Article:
;Dinesh, Krishnamoorthy ;Koroth, SajinShow more We study projective dimension, a graph parameter (denoted by pd(G) for a graph G), introduced by Pudlák and Rödl (1992). For a Boolean function f(on n bits), Pudlák and Rödl associated a bipartite graph Gf and showed that size of the optimal branching program computing f (denoted by bpsize(f)) is at least pd(Gf) (also denoted by pd(f)). Hence, proving lower bounds for pd(f) imply lower bounds for bpsize(f). Despite several attempts (Pudlák and Rödl (1992), Rónyai et.al, (2000)), proving super-linear lower bounds for projective dimension of explicit families of graphs has remained elusive. We observe that there exist a Boolean function f for which the gap between the pd(f) and bpsize(f)) is 2Ω(n). Motivated by the argument in Pudlák and Rödl (1992), we define two variants of projective dimension - projective dimension with intersection dimension 1 (denoted by upd(f)) and bitwise decomposable projective dimension (denoted by bpdim(f)). We show the following results: (a) We observe that there exist a Boolean function f for which the gap between upd(f) and bpsize(f) is 2Ω(n). In contrast, we also show that the bitwise decomposable projective dimension characterizes size of the branching program up to a polynomial factor. That is, there exists a large constant c > 0 and for any function f, bpdim(f)/6 ≤ bpsize(f) ≤ (bpdim(f))c. (b) We introduce a new candidate function family f for showing super-polynomial lower bounds for bpdim(f). As our main result, we demonstrate gaps between pd(f) and the above two new measures for f: pd(f) = O(√n) upd(f) = Ω(n) bpdim(f) = Ω(n1.5/log n). (c) Although not related to branching program lower bounds, we derive exponential lower bounds for two restricted variants of pd(f) and upd(f) respectively by observing that they are exactly equal to well-studied graph parameters - bipartite clique cover number and bipartite partition number respectively.Show more - PublicationUsing Elimination Theory to Construct Rigid Matrices(01-12-2014)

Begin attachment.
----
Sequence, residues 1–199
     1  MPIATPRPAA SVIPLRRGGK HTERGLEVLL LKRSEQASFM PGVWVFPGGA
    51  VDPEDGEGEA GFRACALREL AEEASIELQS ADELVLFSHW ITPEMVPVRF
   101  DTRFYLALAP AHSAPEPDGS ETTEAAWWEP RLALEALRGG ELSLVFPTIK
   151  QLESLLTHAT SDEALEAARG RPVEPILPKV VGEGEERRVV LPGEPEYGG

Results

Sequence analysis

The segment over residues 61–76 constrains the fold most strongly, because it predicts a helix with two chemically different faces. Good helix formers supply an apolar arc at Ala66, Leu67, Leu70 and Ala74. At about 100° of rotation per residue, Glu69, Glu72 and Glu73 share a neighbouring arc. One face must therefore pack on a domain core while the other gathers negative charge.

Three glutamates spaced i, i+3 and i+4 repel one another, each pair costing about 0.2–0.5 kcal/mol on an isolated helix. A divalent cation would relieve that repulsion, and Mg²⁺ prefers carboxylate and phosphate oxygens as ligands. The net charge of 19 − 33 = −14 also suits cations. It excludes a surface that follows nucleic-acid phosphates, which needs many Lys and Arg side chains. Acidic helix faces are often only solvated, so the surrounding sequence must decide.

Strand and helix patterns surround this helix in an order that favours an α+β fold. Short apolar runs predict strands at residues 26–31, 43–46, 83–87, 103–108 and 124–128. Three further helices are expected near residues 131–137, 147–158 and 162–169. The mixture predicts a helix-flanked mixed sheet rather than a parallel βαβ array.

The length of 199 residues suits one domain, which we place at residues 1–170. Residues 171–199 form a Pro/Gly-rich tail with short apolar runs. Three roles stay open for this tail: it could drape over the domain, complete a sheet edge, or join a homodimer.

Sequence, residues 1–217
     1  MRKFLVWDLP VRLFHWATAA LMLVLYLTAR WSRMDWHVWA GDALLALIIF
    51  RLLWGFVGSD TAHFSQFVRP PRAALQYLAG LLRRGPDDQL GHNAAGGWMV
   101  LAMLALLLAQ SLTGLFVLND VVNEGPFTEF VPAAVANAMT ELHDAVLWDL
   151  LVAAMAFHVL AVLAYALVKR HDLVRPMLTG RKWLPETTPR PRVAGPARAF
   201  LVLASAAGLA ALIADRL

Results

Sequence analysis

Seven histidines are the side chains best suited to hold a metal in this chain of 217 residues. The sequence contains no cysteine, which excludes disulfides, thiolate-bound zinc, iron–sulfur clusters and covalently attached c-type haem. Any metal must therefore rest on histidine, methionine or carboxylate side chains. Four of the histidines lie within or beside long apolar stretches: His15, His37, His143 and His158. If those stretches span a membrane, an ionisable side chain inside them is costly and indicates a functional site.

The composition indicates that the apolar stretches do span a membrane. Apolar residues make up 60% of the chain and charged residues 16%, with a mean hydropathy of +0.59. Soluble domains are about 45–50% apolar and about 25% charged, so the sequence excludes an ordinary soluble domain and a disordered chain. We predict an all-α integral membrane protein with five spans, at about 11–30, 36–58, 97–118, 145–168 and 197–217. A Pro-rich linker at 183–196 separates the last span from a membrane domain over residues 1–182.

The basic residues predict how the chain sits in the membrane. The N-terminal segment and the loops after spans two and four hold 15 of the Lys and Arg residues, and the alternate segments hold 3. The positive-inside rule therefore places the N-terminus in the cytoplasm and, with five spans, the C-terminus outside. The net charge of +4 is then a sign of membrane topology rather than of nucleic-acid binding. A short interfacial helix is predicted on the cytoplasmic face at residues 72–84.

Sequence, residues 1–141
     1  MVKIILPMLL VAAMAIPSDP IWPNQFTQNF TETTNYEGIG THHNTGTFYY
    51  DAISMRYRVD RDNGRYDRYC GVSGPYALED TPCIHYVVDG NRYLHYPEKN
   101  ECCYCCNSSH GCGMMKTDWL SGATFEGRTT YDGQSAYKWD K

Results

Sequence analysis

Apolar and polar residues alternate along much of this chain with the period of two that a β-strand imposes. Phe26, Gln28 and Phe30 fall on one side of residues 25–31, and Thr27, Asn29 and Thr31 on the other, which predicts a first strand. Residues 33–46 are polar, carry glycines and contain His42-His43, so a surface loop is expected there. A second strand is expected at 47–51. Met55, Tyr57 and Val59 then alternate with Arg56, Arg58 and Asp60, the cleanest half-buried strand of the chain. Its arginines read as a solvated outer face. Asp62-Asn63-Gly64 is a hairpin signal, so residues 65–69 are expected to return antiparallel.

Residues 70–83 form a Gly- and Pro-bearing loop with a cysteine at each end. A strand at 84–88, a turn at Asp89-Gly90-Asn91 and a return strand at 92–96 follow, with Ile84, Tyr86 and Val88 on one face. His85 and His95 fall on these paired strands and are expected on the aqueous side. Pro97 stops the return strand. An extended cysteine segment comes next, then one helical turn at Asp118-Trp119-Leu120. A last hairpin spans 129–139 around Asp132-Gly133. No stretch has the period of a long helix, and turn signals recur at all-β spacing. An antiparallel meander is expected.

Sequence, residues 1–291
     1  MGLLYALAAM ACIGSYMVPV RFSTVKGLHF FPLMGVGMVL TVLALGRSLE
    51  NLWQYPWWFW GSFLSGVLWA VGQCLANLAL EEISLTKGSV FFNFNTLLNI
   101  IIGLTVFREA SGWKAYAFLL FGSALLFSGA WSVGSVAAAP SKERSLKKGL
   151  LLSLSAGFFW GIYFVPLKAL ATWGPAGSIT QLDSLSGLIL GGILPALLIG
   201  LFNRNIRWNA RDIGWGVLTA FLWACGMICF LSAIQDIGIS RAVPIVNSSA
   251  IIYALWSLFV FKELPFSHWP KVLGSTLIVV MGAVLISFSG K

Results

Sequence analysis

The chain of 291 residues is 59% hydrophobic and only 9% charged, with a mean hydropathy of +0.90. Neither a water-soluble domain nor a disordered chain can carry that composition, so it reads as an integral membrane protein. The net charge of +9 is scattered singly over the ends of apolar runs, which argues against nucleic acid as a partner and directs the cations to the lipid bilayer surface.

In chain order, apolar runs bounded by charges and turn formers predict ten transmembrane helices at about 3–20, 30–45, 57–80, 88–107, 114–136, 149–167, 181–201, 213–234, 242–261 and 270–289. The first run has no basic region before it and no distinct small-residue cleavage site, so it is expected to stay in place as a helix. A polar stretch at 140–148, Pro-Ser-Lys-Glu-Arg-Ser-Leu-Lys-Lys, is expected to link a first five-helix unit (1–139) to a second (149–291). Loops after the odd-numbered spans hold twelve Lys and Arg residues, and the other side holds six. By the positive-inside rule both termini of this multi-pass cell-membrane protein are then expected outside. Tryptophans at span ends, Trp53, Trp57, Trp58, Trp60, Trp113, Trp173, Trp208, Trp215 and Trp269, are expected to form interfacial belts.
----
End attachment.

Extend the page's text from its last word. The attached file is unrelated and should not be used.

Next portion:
;Kumar, Abhinav ;Lokam, Satyanarayana V. ;Patankar, Vijay M.Show more The rigidity of a matrix A for target rank r is the minimum number of entries of A that must be changed to ensure that the rank of the altered matrix is at most r. Since its introduction by Valiant (1977), rigidity and similar rank-robustness functions of matrices have found numerous applications in circuit complexity, communication complexity, and learning complexity. Almost all n × n matrices over an infinite field have a rigidity of (n − r)2. It is a long-standing open question to construct infinite families of explicit matrices even with superlinear rigidity when r = Ω(n).Show more - PublicationRotation Distance for Rank Bounded Trees(01-01-2022)